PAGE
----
BARNESVILLE – The Barnesville State Theater opened its doors to the public for tours during the Barnesville Pumpkin Festival.
A non-profit group of determined residents have worked hard in recent months to restore the old State Theater, which closed permanently around 1969. The committee wanted to show the progress made in the middle of the festival by offering tours of the building and trying to raise funds. for continuous improvements.
A red carpet runs through the center of the lobby, surrounded by displays of theater memorabilia, photographs, and auction items on either side. Attendees are also greeted by the smell of a maker’s popcorn that has been donated for the occasion.
Committee chairman Roger Johnson said some of the memorabilia had been discovered while cleaning the theater and other pieces such as old movie posters had been donated.
During the tours, participants can enter and see the progress of what has been done so far in the building. The committee cleaned up the space and carried out renovations with plans to reopen the theater in the future.
“As you walk past the main entrance where the seats were, we have it partitioned off where people can come in and see what we’ve done,” he said.
Johnson said they have a number of items for sale and auction, with all proceeds benefiting the theater’s restoration.
Johnson said the tours have been well received. The visits began on Wednesday and will continue until Sunday. On the first date of the tour, he said, there was a ‘rush’ of people who came through the doors ready to take a look at the old theatre, which opened in 1925 Many shared their own story of seeing shows and movies when it was open.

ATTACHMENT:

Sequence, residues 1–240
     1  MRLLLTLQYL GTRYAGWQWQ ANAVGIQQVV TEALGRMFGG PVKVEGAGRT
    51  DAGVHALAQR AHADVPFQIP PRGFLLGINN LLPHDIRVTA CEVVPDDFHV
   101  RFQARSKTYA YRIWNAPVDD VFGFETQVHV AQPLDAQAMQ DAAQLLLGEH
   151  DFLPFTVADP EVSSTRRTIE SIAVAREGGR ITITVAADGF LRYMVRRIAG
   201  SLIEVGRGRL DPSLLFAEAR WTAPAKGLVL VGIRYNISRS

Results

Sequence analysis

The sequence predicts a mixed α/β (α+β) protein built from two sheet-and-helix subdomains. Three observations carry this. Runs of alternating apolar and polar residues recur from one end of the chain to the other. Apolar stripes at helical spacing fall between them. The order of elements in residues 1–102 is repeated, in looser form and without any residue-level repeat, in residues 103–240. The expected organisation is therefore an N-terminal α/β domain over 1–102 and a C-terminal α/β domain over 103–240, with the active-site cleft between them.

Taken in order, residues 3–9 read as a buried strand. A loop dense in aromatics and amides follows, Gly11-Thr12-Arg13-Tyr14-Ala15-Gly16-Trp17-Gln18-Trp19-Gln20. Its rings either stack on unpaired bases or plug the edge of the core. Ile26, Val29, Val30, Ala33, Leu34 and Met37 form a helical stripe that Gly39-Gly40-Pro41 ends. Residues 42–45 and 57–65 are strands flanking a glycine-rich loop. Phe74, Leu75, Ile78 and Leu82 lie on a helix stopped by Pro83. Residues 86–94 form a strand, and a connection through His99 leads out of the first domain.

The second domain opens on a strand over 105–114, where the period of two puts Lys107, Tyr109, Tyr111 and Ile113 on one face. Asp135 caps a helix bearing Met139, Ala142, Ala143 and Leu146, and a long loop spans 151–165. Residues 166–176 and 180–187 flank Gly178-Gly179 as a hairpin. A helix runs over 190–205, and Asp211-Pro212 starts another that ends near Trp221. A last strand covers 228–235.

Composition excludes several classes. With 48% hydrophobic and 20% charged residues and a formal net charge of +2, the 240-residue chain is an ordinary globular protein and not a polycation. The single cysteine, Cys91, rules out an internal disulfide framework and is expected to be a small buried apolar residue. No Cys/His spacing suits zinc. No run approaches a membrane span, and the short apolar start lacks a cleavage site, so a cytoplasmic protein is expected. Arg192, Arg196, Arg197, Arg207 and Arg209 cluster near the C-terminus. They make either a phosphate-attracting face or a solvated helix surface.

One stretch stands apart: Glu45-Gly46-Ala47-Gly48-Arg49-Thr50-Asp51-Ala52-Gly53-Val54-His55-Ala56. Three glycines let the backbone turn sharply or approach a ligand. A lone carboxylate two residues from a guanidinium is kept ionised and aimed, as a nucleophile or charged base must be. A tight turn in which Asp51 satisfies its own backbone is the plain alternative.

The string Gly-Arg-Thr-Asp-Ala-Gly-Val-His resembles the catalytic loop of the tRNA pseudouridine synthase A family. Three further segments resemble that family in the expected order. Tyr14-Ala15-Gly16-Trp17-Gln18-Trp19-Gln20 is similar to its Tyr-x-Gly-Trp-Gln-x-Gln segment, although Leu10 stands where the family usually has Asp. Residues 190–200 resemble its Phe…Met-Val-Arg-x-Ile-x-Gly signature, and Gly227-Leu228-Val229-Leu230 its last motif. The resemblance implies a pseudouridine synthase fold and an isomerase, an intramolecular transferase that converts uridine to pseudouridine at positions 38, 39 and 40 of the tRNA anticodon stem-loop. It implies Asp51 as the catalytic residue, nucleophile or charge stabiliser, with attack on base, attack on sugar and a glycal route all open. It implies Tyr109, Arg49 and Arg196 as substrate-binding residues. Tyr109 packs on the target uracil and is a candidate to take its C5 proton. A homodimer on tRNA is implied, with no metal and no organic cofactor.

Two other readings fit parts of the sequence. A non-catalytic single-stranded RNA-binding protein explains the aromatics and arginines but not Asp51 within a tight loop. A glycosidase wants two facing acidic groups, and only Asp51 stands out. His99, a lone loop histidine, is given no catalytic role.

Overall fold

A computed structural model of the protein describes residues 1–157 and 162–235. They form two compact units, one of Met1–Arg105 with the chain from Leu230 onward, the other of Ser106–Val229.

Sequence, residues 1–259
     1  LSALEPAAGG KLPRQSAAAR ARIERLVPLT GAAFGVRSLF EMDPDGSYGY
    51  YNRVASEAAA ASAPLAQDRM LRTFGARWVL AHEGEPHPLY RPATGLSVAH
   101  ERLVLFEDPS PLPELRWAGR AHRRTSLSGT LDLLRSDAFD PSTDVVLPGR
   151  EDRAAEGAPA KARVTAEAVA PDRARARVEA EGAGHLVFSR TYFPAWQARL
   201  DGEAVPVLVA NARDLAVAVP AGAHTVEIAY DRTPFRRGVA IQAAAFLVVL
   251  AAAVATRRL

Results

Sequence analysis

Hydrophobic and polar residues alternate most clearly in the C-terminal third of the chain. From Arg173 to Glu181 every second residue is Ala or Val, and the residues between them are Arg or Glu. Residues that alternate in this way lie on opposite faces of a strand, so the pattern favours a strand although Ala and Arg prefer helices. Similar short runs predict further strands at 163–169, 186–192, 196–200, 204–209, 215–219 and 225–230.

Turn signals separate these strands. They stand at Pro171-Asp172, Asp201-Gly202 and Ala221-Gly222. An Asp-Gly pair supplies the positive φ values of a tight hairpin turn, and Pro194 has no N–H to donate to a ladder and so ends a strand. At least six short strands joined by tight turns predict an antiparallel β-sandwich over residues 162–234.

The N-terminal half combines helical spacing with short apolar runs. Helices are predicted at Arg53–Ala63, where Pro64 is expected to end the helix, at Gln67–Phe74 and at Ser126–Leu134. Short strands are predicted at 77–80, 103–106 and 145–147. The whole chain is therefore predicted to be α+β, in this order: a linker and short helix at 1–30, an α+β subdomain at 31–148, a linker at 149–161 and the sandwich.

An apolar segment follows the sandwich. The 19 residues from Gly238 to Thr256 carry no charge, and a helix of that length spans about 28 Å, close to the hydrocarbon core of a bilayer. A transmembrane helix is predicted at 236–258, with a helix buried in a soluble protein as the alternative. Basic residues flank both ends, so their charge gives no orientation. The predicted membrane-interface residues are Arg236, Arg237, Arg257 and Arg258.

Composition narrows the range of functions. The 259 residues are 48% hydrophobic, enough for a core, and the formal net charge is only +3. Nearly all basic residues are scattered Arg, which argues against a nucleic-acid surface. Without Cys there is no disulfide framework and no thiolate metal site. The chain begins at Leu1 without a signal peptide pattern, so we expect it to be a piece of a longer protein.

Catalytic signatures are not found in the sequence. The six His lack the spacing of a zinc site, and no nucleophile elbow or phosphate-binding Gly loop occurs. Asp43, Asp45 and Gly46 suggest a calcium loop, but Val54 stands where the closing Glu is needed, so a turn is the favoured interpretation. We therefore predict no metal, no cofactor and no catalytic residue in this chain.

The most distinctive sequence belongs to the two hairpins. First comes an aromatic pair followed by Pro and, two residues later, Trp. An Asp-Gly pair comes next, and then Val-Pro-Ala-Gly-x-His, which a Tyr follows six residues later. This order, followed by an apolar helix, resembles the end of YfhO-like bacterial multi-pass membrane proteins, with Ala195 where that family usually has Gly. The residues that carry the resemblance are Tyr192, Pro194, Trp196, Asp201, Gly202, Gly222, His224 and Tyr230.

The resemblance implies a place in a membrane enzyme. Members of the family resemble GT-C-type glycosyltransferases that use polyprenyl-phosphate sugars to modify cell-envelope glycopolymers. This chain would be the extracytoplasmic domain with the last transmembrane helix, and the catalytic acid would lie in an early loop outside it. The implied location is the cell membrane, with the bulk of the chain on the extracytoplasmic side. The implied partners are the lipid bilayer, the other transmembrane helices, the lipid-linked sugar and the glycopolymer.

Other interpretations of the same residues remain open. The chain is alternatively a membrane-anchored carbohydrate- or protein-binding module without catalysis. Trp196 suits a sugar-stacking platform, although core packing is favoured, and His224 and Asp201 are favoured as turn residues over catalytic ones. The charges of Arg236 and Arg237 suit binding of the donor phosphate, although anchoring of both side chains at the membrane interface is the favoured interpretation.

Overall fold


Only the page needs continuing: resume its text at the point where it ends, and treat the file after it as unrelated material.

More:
“The interest has been incredible. Of course, everyone directly involved with it on the committee and the volunteers are all excited. Everyone is pumped,” he said.
“You can just walk in and ask questions, or you can come back on your own. If you have a question, we can stand by your side and answer all your questions.
Although there is still a lot of work to do, committee member Roger Johnson said they are making progress.
“We have the entire theater completely emptied of all debris. We have a new roof over the stage and part of the west side of the building where all the rain damage happened,” he said.
So far, the project has received approximately $160,000 in donations, which has enabled the committee to undertake roof repairs. In addition to accepting donations, the committee is always looking for volunteers. Johnson said he’s had a great response so far on a sign-up sheet that has garnered about 20 signatures from residents interested in helping out.
Johnson said if donations keep coming in and they’re able to get grants, they could open in the next three to five years.
Theatrical visits are open from 12 p.m. to 7 p.m. until the last day on Sunday.